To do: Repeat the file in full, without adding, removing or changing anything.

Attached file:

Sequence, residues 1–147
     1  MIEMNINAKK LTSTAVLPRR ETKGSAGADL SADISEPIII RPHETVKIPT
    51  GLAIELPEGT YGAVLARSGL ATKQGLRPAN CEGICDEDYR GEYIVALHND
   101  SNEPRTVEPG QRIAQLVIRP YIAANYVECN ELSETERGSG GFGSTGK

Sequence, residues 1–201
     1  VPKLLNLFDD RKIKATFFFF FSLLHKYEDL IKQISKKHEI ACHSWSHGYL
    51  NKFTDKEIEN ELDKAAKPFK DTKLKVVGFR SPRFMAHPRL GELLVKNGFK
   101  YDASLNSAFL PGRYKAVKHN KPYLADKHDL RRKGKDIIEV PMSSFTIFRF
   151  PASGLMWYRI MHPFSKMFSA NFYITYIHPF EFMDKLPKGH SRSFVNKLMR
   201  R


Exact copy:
Sequence, residues 1–147
     1  MIEMNINAKK LTSTAVLPRR ETKGSAGADL SADISEPIII RPHETVKIPT
    51  GLAIELPEGT YGAVLARSGL ATKQGLRPAN CEGICDEDYR GEYIVALHND
   101  SNEPRTVEPG QRIAQLVIRP YIAANYVECN ELSETERGSG GFGSTGK

Sequence, residues 1–201
     1  VPKLLNLFDD RKIKATFFFF FSLLHKYEDL IKQISKKHEI ACHSWSHGYL
    51  NKFTDKEIEN ELDKAAKPFK DTKLKVVGFR SPRFMAHPRL GELLVKNGFK
   101  YDASLNSAFL PGRYKAVKHN KPYLADKHDL RRKGKDIIEV PMSSFTIFRF
   151  PASGLMWYRI MHPFSKMFSA NFYITYIHPF EFMDKLPKGH SRSFVNKLMR
   201  R